The only direct contact the driver has with the braking system is the pedal. The pedal has a lever ratio all of it’s own, being calculated by the difference in length of the pedal to the pivot pin, and from there to the master cylinder cotter pin. Increasing the length between the pedal and pivot pin will give more pedal travel, but reduce the effort needed to apply the brakes. Reducing it has the opposite effect. Therefore an increase in ratio gives a softer pedal with more ‘feel’, reducing it the opposite. Changing this particular component is a bit involved though, and is generally unnecessary as it suits most combinations of the other components.
The master cylinder translates the pedal movement into fluid movement. The bore size dictates how much fluid is moved for any given pedal pressure, and is directly related to the main brake component - the caliper. Bigger diameter or multiple pistons will need more fluid displacement to make them work properly. This generally means a larger bore master cylinder is needed for any given application. However, as this component can be very costly to replace, most folk stick with the standard one. It will work OK, but means that on the multi-piston calipers there is more pedal travel than normal. The good news is that a smaller bore means higher line pressure for any given pedal pressure - less driver input for same braking effort, and better ‘feel’.
'Feel', incidentally, is the sensation of what the brakes are up to, and is an important part of our thought process as to how much pressure we need to apply to the pedal in any given situation.
For information sake, the Mini master cylinder has a 0.70” bore. The old Cooper 997 had a bore of 0.750” largely because of the pathetic size of the discs - a great deal of pressure was needed to slow the car down but would be ace on a four-piston caliper set-up. The old Austin 1300 also had a 0.750” master cylinder. Both of these types are desperately rare now though. Some misguided folk have actually fitted a clutch master cylinder in place of the brake one as it also has a 0.750” bore. This is EXTREMELY fool-hardy as it has no internal return feature, so could leave the brakes on all the time once applied!
For race Minis, going to a 0.875” bore master cylinder is best. There isn’t one that looks and fits just like the Mini one, it necessitates going to a master cylinder with separate fluid reservoir and making a suitable push-rod. No problem though as Girling and AP make a cylinder that will fit the stud pattern, a standard Mini push-rod can be easily modified to suit, and the reservoir is easily mounted to the bulk head. And is surprisingly cheap - less than a new Mini split-system one in fact!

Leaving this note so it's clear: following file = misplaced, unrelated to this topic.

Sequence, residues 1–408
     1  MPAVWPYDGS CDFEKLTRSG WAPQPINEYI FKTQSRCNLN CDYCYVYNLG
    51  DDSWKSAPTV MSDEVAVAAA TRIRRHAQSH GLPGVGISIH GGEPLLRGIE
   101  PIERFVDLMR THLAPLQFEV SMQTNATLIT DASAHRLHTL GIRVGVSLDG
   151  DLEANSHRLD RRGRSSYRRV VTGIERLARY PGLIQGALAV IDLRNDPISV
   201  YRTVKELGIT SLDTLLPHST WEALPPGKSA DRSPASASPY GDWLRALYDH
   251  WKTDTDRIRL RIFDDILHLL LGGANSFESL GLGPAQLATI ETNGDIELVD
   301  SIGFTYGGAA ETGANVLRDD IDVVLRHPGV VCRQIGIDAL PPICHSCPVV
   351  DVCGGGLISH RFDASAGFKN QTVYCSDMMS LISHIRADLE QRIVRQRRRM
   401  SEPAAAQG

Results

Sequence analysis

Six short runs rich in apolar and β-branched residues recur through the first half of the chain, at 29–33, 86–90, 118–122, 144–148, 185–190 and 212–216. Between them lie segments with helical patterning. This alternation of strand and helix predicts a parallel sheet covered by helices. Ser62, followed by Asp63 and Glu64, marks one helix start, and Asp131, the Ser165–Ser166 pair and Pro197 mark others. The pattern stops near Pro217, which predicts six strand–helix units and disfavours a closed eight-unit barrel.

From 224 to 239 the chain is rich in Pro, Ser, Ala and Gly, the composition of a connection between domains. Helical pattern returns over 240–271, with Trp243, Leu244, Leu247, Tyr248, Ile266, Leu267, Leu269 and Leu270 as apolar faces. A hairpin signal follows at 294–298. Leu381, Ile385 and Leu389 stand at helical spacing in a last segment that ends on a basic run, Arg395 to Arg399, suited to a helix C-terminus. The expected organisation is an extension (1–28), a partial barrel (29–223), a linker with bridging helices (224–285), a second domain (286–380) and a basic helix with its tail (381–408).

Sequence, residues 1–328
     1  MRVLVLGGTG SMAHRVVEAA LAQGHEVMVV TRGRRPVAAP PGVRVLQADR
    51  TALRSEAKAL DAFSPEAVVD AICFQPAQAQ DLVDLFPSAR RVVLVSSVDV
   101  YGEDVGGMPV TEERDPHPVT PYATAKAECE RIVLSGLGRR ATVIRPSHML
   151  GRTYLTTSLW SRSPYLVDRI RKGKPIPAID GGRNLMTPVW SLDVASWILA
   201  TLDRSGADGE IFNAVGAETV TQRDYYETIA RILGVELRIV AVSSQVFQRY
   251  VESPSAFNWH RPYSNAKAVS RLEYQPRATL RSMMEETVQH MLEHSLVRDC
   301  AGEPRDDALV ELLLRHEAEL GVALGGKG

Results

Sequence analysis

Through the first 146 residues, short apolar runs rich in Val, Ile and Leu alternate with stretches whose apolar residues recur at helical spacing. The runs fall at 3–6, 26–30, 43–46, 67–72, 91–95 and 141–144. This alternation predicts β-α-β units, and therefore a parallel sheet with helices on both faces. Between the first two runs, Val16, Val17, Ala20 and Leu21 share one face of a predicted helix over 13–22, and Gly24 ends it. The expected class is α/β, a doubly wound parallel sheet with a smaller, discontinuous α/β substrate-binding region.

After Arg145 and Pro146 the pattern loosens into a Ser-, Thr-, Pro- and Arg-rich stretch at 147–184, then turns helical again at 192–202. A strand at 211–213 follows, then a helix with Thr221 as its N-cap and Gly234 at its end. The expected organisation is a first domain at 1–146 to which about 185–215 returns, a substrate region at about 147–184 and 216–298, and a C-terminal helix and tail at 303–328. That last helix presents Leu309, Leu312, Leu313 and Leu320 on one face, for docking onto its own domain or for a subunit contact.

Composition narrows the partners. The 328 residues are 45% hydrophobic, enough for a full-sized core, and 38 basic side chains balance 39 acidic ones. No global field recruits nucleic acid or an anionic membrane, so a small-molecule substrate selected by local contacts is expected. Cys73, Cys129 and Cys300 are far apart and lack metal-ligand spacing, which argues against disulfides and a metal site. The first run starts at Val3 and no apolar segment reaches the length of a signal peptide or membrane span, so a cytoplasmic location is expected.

When trying to get the best master cylinder bore size for application, you need to remember that the amount of hydraulic pressure produced at the pedal is INVERSELY proportional to the master cylinder bore. So if you are locking the brakes up too easily, you need to INCREASE the bore size. Consequently if you are standing on the pedal, pulling of the steering wheel and gritting your teeth together to lock the brakes, a smaller bore is the order of the day.
Improving the performance of the disc itself has seen three types of modification - venting, slotting and drilling.
Vented discs have become pretty much a standard item on modern cars as a more efficient disc temperature wise can be fitted into a smaller area. This contradicts the 'bigger is better' principle, but modern technology has seen improvements in pad materials, so small cars that are fairly heavy can have good brakes without going to huge wheels to fit them in. The Metro for instance. A smaller vented disc does have slight advantages over a bigger solid disc in the effects of inertia stakes.
Slotting discs has been pretty much misunderstood by many. It is generally believed that the slots are there to improve cooling. They are not. They are there to wipe the pad surface. In operation, the heat creates debris and gases between the disc and pad surfaces - reducing their effectiveness. The slots clear this away. To be totally effective though they need regular cleaning as the debris fills the slots up. Now, it has become fashionable to have loads and loads of slots in discs. AP Racing recommend only four slots in a disc as small as the Mini. Bear in mind that friction area is needed to make the brakes effective - lots of slots markedly reduce the surface area of the disc and thus the available friction area...
Drilling discs is open to the same misunderstanding that slotting is. The same actual reasons apply, except that holes are more effective over time as they are more or less self-cleaning. The only major draw back (apart from going mental on the number of holes - friction area reduction again) is that in discs with insufficient mass - too small in diameter or too thin - they tend to crack and fall apart. I know motorbikes don’t have these problems, but they are a totally different kettle of fish! The 8.4” disc can be drilled - but needs to be done by experts, not at home in the shed - it's your life (and possible other's) that you're fooling around with.